December 4, 2012 — Although it is "widely known that the U.S. is way out of step with the rest of the world in not having paid maternity leave," there is "reason to be optimistic" that legislation guaranteeing paid family leave will be enacted during President Obama's second term, writes Sharon Lerner -- an author and senior fellow at Demos -- in The Atlantic.
Voters across the political spectrum want Obama and Congress to act on legislation to better support working families, such as paid family leave and paid sick days, according to an exit poll released on Tuesday by the National Partnership for Women & Families. The poll, conducted by Celinda Lake, found that 73% of Republicans said lawmakers should act on such legislation, as did 87% of independents and 96% of Democrats.
"No doubt this bi-partisan enthusiasm stems from the fact that most people realize that, without paid time off, they could well be financially ruined by having an illness in the family or new baby to care for," Lerner writes. The poll found that 72% of voters -- including 78% of independent and Republican-leaning women -- said they would face financial troubles in such a situation.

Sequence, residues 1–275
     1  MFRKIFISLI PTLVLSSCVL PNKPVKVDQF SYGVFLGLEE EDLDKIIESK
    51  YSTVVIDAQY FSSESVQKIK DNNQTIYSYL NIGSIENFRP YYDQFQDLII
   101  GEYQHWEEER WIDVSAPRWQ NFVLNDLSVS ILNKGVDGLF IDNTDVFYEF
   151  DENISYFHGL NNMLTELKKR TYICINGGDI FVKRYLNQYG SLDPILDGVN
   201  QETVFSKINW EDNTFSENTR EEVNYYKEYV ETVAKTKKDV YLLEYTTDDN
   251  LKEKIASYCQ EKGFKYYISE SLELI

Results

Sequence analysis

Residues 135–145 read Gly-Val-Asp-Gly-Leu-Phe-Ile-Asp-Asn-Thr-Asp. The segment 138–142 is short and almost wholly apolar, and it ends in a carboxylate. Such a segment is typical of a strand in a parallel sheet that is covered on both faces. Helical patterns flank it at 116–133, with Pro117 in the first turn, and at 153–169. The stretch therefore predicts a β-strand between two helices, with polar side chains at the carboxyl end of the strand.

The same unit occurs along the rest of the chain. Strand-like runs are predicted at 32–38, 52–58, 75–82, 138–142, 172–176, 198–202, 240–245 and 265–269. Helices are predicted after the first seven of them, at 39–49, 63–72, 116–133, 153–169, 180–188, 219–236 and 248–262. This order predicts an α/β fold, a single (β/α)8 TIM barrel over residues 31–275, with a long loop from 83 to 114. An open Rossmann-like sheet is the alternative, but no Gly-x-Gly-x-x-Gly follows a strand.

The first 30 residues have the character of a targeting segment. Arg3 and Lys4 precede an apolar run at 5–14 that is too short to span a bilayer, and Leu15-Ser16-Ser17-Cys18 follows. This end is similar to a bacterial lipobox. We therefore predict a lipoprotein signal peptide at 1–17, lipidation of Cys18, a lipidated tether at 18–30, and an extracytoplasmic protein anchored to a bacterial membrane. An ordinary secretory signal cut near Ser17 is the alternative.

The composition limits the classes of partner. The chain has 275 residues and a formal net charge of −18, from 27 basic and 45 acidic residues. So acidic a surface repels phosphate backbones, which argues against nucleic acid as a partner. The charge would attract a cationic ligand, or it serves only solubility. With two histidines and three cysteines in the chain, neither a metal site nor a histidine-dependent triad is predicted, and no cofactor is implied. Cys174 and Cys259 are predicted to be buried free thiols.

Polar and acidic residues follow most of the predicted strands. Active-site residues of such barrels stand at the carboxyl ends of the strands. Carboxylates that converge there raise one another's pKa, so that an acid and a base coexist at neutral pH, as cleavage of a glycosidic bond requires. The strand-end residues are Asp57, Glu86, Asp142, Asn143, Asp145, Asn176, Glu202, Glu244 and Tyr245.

To facilitate the passage of a comprehensive paid family and medical leave bill, the National Partnership is working with Rep. Rosa DeLauro (D-Conn.) to draft legislation that builds on principles of the Social Security program to provide paid time off to workers caring for sick family members or a new baby, Lerner writes.
In addition, the Washington state Legislature will soon consider a bill that expands parental leave, while a coalition of public health, labor and women's groups in New York have launched a campaign to promote family and medical leave insurance. If successful, New York "may soon join New Jersey and California in providing paid time off to workers who have new babies or sick relatives -- and hopefully leading the entire country out of the family-policy dark ages," Lerner concludes (Lerner, The Atlantic, 12/3).
Debra Ness, publisher & president, National Partnership
Andrea Friedman, associate editor & director of reproductive health programs, National Partnership
Marya Torrez, associate editor & senior reproductive health policy counsel, National Partnership
Melissa Safford, associate editor & policy advocate for reproductive health, National Partnership
Perry Sacks, assistant editor & health program associate, National Partnership
Cindy Romero, assistant editor & communications assistant, National Partnership
Justyn Ware, editor
Amanda Wolfe, editor-in-chief
Heather Drost, Hanna Jaquith, Marcelle Maginnis, Ashley Marchand and Michelle Stuckey, staff writers
Tucker Ball, director of new media, National Partnership